Nice term, isn’t it? Lyrical, musical. Related to balance. Gives a direction to a composition. Oh hey, another musical term. The eye moves through a composition like music weaves a theme. Color can control the viewer by the way it’s balanced in a picture to move the spectator’s eye.
Some have different definitions for color harmony. I think of it as how the colors in a picture pull together to match reality or to match an idea in your mind. Look the picture over to give it direction, not to level it out to boring. Or brighten everything so much it all becomes blasé.
A painting that’s mostly greyed colors can have a spot of bright garish color that pulls the eye toward it, or can build a string of colors to ever livelier levels until it reaches a crescendo of a strikingly bright one. (Huh, musical again. Color is musical! So I guess someone with synesthesia really can hear color…) It’s a way of guiding the viewer through the piece.
Think of colors in families. Red’s a family: Cadmiums, Alizarin Crimson, Transparent Earth Red. (Browns go in there because of their warmth.) Yellows: Ochres, Cadmiums. Blues: Cerulean, Prussian, Ultramarine. Then it breaks into the Purples like Dioxizine, and Violets…but then they’re closing in on the reds again. You can slide the Oranges and Greens into families, too, or split them into either warm or cool families.
You can pick a section of the colors along the wheel or along the prism line (nobody talks about that one. It’s back to light science…) and build a color composition with different temperatures within your selection.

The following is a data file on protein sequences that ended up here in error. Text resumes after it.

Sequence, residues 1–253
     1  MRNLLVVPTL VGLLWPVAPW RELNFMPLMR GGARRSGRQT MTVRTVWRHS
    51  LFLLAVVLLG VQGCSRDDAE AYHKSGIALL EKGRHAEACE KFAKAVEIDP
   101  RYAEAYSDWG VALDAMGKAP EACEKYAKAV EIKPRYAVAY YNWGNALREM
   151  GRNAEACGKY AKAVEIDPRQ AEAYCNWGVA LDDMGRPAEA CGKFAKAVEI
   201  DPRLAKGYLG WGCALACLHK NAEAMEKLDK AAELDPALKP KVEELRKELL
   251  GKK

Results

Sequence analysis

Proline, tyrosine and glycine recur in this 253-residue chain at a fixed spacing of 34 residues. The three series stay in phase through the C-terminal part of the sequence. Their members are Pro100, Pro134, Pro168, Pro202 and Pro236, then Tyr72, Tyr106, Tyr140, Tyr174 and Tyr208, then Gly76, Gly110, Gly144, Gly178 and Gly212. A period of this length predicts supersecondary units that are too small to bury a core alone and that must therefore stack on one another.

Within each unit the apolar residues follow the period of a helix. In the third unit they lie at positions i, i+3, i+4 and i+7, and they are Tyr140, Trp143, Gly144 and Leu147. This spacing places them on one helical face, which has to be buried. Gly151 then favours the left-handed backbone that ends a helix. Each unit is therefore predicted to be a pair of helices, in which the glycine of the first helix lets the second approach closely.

I used to cut a long, narrow window in a piece of paper and lay it over a painting in a book. I found that most of the colors were greyed down, with a very small percentage of fresh, clean color. Like Nature: mostly dull with bright accents. Think Spring and Autumn.
Do you see how you select and work with color? All of it is yours to explore. Yours to manipulate, express, and project.
Achieving color depth.
No painting needs the entire color wheel to make it work. You don’t have to include every color! But just as we think of building the layers from the bottom up, with duller color on the initial layers and fresher colors on the last layers, think of your canvas from front to back, foreground to background, and how the colors play over that distance. They shift in tone and value and chroma. If you’re only working with two colors and white, you’ve limited the picture plane to two dimensions and it will read as flat. Great for graphic pieces, not so great for illusion of depth.
An easy way to explain this is to encourage you to study the work of master painter, Norman Rockwell. Look at how he painted clothing in, for example, a frock coat in one of his historic scenes. There are smaller strokes of multiple temperatures of the same color in the fabric indications. It gives the clothing a feeling of modulation and depth. It’s not a trick. It’s how the fabric picks up light coming from all angles.
Now think of your overall painting. Does the range of colors in your painting include temperature shifts? Or are you painting with all one warm color, or maybe one warm and one cool color? I used to do that. I used blue and yellow a lot for quite a few paintings. I kept them separated as much as I could in the painting and it all went flat. (flat was the style at the time.) I didn’t realize that while it was okay to paint in blue and yellow, cool and warm, I could use the greenish color that would occur when they mixed to find a third level of color to help give the painting interest.
Add a third color.